'a magnificent new opera... don’t miss it'
'Glyndebourne’s latest commission is unmissable — this is the operatic event of the year'
'Brilliant music, rapturously received'
'Utterly electrifying, one of the very best things I've seen at Glyndebourne in 25 years of regular attendance'
Be part of a major new operatic work – join us for the world premiere of Brett Dean’s new opera based on Shakespeare’s best-known tragedy.
Best availability on 27 and 30 June.
You can see Hamlet live in cinemas and online on Thursday 6 July.
You can also see Hamlet as part of Tour 2017 this autumn at Glyndebourne, Canterbury, Woking, Norwich, Milton Keynes and Plymouth.
A story of betrayal, revenge and madness
To be, or not to be. This is Hamlet’s dilemma, and the essence of Shakespeare’s most famous and arguably greatest work, given new life in operatic form in this original Glyndebourne commission.
Thoughts of murder and revenge drive Hamlet when he learns that it was his uncle Claudius who killed his father, the King of Denmark, then seized his father’s crown and wife.
But Hamlet’s vengeance vies with the question: is suicide a morally valid deed in an unbearably painful world?
‘The themes of life and death, love and betrayal have opera written all over them.’
—Brett Dean, Composer
Shakespeare’s Hamlet reconfigured for a world premiere
Dean’s colourful, energetic, witty and richly lyrical music expertly captures the modernity of Shakespeare’s timeless tale, while also exploiting the traditional operatic elements of arias, ensembles and choruses.
Matthew Jocelyn’s inspired libretto is pure Shakespeare, adhering to the Bard’s narrative thread but abridging, reconfiguring and interweaving it into motifs that highlight the main dramatic themes: death, madness, the impossibility of certainty and the complexities of action.
Sung in English with English supertitles
Enrich your experience
Hamlet – creating a world premiere, Thursday 6 July.
Join us for a bite-sized overview of the opera from a musical expert on Sunday 11 June.
Hamlet is generously supported by The Monument Trust
World premiere supported by a Syndicate of Individuals
Cast and creative team
Composer Brett Dean
Librettist Matthew Jocelyn
Conductor Vladimir Jurowski
Director Neil Armfield
Set Designer Ralph Myers
Costume Designer Alice Babidge
Movement Director Denni Sayers
Lighting Designer Jon Clark
Fight Director Nick Hall
Sound Consultant Myles Eastwood
Dramaturg Cori Ellison
London Philharmonic Orchestra
Leader Vesselin Gellev
The Glyndebourne Chorus
Chorus Master Jeremy Bines
Percussion Timothy Constable, Cello Benjamin Schwartz
Clarinet Francesco Celata, Sound Technician Bob Scott
Production Bob Scott and Brett Dean
Hamlet Allan Clayton
Claudius Rod Gilfry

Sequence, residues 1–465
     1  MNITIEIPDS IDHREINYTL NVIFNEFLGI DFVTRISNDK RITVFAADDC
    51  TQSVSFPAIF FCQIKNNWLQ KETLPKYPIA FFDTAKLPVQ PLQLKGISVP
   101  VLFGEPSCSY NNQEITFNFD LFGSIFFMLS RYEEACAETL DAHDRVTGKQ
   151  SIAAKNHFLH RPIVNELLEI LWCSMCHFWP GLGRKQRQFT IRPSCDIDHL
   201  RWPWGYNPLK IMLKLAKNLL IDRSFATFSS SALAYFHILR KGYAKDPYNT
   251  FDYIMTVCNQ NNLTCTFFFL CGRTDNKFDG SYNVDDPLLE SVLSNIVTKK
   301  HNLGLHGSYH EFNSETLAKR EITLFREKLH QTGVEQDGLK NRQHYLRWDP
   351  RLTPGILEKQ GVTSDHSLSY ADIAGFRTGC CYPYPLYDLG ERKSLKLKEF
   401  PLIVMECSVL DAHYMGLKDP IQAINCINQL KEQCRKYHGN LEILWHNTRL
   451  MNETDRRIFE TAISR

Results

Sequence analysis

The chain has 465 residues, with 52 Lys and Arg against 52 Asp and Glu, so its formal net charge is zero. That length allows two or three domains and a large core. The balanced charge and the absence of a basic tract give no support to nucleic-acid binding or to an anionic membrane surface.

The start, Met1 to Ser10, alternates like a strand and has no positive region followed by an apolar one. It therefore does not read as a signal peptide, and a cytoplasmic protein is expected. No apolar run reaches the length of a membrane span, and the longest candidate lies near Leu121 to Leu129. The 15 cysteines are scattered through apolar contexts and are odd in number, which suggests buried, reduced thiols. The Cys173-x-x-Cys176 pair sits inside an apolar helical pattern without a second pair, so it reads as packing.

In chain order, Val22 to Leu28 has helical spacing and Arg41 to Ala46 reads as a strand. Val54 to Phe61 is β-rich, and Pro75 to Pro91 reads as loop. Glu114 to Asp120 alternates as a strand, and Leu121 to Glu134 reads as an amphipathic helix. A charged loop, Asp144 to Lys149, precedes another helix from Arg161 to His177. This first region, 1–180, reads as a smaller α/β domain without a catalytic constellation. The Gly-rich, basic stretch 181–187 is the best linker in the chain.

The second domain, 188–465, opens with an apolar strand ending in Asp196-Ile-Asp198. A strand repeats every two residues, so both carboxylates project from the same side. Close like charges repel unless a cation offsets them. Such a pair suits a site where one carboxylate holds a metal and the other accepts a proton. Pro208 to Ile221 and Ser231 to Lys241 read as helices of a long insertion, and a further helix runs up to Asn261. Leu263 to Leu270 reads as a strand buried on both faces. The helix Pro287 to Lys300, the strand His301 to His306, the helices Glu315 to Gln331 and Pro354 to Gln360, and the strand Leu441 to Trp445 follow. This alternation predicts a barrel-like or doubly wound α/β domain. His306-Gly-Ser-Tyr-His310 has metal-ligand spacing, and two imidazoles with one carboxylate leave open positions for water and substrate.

Laertes David Butt Philip
Ophelia Barbara Hannigan
Polonius Kim Begley
Horatio Jacques Imbrailo
Marcellus/Player 4 James Newby*+
Gertrude Sarah Connolly
Ghost of Old Hamlet/Gravedigger/Player 1 John Tomlinson
Rosencrantz Rupert Enticknap
Guildenstern Christopher Lowrey Patrick Terry (17 June
Player 2 John Findon*+
Player 3 Anthony Osborne*
Accordionist james Crabb
Actors Ashley Bain, Lucy Burns, Maddy Brennan, Russel Fine, Anthony Kurt Gabel, Ralf Higgins, Adrien Mastrosimone, Mark Ruddick, Colm Seery, Sirena Tocco
*Soloist from The Glyndebourne Chorus
+ Jerwood Young Artist 2017
By kind permission of Boosey & Hawkes Publishers Ltd.
Dates and times
Date Start Long interval Finish Price band Sun 11 June 4.45pm 6.25pm 9.15pm 4 Tue 13 June 5.40pm 7.35pm 9.57pm 4 Sat 17 June 5.40pm 7.35pm 9.57pm 4 Wed 21 June 5.00pm 6.55pm 9.27pm 4 Sat 24 June 5.00pm 6.55pm 9.27pm 4 Tue 27 June 5.40pm 7.35pm 9.57pm 4 Fri 30 June 5.40pm 7.35pm 9.57pm 4
Date Start Long interval Finish Price band Thu 6 July 5.00pm 6.55pm 9.27pm 4
King Hamlet has died, mourned by his son, Prince Hamlet of Denmark. The King’s funeral is followed fast upon by the marriage of his widow Gertrude, to his brother, Claudius. Hamlet is deeply disturbed by his father’s untimely death and his mother’s ‘o’er hasty marriage’, a state aggravated by the appearance of King Hamlet’s ghost, informing Hamlet that he was in fact murdered by his brother, now husband to Gertrude and King of Denmark.
The dead King asks that his son revenge his death by killing Claudius.
Unsure as to what to do whilst adopting erratic behaviour, Hamlet rejects his soul-mate and lover Ophelia, and dismisses his former classmates, Rosencrantz and Guildenstern, summoned by Claudius to Elsinore to help discover the cause of Hamlet’s apparent madness.
A group of players arrive in Elsinore. Hamlet asks them to perform a scene mimicking the murder of King Hamlet by his brother. Claudius reacts violently to the performance, proof in Hamlet’s eyes of his stepfather’s guilt. Called to his mother’s chamber to explain his actions, Hamlet comes upon Claudius deep in prayer, yet finds himself unable to kill him.
Discovering Polonius, Ophelia’s father, spying on him in his mother’s chamber, Hamlet kills him, proceeding then to berate his mother for her shamelessness and debauchery. His father’s ghost appears, reminding Hamlet of his initial mission to revenge his death.
Laertes, Polonius’s son, returns to Elsinore to avenge his father’s death, threatening Claudius and his kingship. Claudius manages to allay Laertes’ violence by convincing him that Hamlet is the guilty one: together, Claudius and Laertes conspire to kill him.
Ophelia appears, apparently driven mad by Hamlet’s rejection and the death of her father. This only serves to harden Laertes’ resolve for vengeance, as does, moments later, Ophelia’s death – she has drowned in a nearby stream.
Hamlet and friend Horatio turn up unwittingly at Ophelia’s funeral, and upon learning of herdeath, Hamlet provokes Laertes.
Through the intermediary of Rosencrantz and Guildenstern, and according to the plan concocted with Claudius, Laertes challenges Hamlet to a duel. Hamlet accepts the challenge.
Many deaths ensue.
By Matthew Jocelyn